Remember, look for it in Scripture first, and if it’s not there, then look at other sources. 

When I searched commentaries to find out more about the historical practices of baptism, it looks like it started for Jewish converts after the Babylonian exile. That would have been towards the end of the Old Testament time period. So the practice of baptism would have been a symbol of conversion for the jews at the time. That helps me see why it was used by John the Baptist, and it helps me get a better overall understanding of how baptism came onto the scene. 

If you have gone through all these steps, and written down your question, prayed about it, thought about it, looked it up in Scripture and commentaries, and still don’t have an answer - that’s when I ask someone. I highly recommend asking a pastor or trusted mentor. It is so helpful to have someone walking through the journey of questions with you, but you also want to make sure you have done some background research first!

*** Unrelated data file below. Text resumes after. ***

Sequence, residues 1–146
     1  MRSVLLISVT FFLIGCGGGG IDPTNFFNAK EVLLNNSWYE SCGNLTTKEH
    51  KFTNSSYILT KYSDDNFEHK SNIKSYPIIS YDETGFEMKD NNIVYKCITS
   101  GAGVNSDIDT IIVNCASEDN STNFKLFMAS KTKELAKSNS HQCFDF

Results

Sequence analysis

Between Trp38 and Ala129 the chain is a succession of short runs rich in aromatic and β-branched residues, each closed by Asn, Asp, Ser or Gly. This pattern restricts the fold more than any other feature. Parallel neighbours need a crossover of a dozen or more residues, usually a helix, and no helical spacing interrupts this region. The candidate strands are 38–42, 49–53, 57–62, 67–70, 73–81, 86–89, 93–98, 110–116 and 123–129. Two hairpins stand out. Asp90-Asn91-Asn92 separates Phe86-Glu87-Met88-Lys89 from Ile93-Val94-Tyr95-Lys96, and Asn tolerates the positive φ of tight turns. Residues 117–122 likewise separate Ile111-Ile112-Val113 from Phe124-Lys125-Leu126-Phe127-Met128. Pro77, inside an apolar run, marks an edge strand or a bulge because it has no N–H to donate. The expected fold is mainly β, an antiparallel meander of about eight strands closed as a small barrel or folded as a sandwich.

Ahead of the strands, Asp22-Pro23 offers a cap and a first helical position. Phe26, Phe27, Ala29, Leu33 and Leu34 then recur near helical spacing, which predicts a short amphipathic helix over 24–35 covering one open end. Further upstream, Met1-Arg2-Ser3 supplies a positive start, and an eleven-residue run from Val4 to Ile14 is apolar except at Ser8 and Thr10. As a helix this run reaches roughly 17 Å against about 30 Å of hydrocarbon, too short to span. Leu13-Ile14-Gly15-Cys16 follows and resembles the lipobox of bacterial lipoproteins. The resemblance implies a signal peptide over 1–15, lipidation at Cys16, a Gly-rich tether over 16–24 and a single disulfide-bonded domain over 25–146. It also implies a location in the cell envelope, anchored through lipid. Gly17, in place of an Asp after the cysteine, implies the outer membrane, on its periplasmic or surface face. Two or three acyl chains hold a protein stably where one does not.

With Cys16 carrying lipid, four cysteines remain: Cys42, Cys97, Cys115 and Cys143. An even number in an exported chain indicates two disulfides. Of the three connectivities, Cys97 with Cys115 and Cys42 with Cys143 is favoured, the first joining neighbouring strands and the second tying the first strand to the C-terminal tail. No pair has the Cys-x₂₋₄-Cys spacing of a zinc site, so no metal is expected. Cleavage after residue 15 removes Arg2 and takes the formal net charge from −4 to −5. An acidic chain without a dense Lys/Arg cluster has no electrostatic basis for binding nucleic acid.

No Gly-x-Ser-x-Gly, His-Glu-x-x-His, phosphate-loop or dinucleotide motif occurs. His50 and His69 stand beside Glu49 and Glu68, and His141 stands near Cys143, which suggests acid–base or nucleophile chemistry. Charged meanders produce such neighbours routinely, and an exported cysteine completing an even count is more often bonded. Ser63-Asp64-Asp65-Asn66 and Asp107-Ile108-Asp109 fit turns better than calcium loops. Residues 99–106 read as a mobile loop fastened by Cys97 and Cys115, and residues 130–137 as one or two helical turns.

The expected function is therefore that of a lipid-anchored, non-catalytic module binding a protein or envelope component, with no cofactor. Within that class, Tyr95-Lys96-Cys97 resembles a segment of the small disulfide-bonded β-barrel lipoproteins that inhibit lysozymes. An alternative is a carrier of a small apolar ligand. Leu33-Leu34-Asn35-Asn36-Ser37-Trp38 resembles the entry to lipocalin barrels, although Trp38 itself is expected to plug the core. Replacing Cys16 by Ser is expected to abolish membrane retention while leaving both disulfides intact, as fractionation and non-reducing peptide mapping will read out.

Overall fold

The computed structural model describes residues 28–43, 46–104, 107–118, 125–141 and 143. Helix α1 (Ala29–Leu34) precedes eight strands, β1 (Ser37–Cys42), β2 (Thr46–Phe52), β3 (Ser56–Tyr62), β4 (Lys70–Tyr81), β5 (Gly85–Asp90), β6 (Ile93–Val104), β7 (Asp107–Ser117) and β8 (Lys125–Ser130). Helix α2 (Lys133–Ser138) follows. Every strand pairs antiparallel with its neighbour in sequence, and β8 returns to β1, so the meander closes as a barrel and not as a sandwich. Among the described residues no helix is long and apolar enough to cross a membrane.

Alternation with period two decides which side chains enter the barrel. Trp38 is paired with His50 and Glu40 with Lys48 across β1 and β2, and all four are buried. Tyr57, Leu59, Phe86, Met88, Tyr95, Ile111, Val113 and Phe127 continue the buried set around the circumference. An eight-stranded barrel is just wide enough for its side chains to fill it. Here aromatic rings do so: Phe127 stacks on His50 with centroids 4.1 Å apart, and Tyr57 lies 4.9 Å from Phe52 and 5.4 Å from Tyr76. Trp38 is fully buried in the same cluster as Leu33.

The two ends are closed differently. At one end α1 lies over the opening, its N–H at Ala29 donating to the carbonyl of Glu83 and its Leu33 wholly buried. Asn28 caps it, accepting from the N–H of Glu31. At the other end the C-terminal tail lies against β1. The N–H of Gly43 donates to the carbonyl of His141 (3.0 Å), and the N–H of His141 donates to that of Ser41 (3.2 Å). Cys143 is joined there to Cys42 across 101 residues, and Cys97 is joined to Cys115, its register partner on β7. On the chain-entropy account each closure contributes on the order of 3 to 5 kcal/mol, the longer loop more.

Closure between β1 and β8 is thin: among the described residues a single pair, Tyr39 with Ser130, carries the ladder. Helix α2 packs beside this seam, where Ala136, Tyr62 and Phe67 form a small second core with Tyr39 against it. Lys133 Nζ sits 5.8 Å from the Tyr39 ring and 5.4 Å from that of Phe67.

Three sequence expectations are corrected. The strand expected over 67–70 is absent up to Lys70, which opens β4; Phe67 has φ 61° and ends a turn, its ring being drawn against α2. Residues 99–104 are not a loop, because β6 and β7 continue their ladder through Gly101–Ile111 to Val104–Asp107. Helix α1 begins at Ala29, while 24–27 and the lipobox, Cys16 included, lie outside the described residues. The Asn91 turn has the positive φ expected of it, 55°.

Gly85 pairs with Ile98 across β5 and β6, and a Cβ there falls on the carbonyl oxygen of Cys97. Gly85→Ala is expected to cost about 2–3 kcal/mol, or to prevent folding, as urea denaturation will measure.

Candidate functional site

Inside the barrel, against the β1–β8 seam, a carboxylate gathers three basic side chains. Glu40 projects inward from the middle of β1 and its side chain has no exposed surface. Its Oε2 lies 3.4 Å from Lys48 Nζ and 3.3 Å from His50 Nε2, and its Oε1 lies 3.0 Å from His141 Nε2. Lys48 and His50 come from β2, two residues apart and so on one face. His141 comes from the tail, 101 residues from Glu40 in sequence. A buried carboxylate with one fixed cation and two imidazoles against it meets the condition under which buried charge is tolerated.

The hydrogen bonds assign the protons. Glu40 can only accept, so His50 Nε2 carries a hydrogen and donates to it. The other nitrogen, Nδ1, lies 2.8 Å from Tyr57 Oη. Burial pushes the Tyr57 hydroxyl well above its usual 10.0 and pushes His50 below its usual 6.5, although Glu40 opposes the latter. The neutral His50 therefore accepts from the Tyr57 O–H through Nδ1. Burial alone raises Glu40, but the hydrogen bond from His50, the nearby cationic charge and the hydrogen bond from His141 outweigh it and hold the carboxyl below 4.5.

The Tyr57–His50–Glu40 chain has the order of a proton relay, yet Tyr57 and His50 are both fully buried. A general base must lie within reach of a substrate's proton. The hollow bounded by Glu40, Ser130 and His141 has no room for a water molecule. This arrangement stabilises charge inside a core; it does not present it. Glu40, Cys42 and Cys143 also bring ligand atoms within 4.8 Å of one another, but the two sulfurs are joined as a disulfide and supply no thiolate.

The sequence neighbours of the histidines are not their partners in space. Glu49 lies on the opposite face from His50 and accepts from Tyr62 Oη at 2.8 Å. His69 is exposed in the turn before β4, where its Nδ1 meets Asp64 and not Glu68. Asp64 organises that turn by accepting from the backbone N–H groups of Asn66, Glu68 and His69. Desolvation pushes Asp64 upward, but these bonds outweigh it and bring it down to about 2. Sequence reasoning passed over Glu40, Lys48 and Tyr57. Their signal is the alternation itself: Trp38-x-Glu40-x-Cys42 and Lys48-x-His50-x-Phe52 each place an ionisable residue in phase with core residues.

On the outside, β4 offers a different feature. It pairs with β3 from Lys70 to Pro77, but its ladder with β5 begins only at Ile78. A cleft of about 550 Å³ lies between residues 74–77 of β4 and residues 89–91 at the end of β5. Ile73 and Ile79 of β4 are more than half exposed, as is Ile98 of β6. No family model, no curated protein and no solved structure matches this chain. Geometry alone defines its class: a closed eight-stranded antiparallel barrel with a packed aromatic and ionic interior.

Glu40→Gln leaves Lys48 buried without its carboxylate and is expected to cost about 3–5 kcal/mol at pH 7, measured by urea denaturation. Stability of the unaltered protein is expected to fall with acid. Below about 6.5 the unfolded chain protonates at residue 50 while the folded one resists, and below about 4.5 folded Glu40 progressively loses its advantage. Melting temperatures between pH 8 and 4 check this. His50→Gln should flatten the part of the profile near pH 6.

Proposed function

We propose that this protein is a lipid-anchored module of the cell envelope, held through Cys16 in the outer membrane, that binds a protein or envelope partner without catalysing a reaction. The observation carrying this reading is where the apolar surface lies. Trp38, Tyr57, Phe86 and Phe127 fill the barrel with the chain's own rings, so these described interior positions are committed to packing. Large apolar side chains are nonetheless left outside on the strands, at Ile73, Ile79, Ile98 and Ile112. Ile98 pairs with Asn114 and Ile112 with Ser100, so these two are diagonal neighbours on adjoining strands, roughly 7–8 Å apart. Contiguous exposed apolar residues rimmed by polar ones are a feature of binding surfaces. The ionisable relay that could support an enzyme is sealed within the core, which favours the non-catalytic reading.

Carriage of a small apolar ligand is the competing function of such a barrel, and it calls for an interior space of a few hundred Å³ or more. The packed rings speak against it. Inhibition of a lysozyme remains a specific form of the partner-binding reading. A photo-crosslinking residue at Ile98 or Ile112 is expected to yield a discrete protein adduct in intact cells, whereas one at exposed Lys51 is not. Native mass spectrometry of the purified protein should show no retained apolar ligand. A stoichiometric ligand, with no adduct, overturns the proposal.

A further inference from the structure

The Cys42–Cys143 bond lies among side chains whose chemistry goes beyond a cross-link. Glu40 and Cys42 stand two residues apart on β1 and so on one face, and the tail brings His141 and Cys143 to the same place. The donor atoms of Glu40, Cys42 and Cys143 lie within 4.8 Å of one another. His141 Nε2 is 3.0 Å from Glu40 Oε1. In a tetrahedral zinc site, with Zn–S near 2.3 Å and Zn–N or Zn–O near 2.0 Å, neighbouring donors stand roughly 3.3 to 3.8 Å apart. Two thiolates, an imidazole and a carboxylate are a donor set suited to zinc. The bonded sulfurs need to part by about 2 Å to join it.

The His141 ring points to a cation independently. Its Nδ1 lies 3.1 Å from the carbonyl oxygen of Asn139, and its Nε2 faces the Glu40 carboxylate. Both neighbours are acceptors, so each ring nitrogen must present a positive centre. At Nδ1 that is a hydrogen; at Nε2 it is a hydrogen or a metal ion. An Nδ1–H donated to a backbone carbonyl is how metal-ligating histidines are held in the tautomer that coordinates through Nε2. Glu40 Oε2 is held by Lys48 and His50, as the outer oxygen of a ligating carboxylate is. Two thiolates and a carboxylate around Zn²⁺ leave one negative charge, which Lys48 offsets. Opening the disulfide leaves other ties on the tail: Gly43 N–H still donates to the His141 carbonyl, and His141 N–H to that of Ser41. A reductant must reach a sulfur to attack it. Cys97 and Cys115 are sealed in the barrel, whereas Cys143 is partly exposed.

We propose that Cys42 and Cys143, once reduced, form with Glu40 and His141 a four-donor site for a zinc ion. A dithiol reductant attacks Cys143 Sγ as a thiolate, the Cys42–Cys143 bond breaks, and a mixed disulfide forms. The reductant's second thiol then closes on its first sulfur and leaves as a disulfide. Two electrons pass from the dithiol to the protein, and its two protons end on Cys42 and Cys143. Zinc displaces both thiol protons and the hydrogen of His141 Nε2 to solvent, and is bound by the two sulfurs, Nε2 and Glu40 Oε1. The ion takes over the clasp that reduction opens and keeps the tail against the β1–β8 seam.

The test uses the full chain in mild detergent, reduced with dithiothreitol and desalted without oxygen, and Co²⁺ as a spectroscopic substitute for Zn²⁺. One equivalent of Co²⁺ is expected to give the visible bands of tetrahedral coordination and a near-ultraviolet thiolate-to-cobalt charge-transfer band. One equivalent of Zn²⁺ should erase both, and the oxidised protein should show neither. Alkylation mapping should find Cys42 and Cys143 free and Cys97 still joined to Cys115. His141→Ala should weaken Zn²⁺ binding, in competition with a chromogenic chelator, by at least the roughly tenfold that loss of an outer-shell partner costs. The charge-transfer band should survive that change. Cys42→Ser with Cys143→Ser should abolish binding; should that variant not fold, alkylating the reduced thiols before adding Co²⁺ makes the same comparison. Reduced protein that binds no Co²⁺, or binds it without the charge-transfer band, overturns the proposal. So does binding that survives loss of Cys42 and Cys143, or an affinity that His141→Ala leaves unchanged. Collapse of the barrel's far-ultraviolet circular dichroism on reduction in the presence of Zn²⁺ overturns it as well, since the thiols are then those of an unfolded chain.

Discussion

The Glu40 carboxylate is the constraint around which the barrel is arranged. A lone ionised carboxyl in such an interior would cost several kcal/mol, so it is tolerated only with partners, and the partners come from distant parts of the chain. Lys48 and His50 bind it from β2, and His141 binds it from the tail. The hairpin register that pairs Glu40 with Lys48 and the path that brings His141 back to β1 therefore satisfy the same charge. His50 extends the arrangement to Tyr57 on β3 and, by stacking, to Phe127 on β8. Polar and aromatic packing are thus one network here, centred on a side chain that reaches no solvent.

If you are new to Bible study, you will probably have lots of questions. But if you have been studying the Bible for years, you probably already know that questions will keep coming! That’s what happens when we have a great big God who is so much greater than we could ever imagine! And what a gift that is - we wouldn’t want a God that we could figure out. 

If you don’t know where to start with Bible study, check out episode 4 of Bible Study Made Simple, but also, I have a free PDF with 4 questions to ask when studying your Bible. This will give you a guide to follow as you get to know God through His Word. As you take your next step, I pray that you remember our goal is connection with God over perfection in our process. Remember, your time with God doesn’t have to be perfect to be beautiful.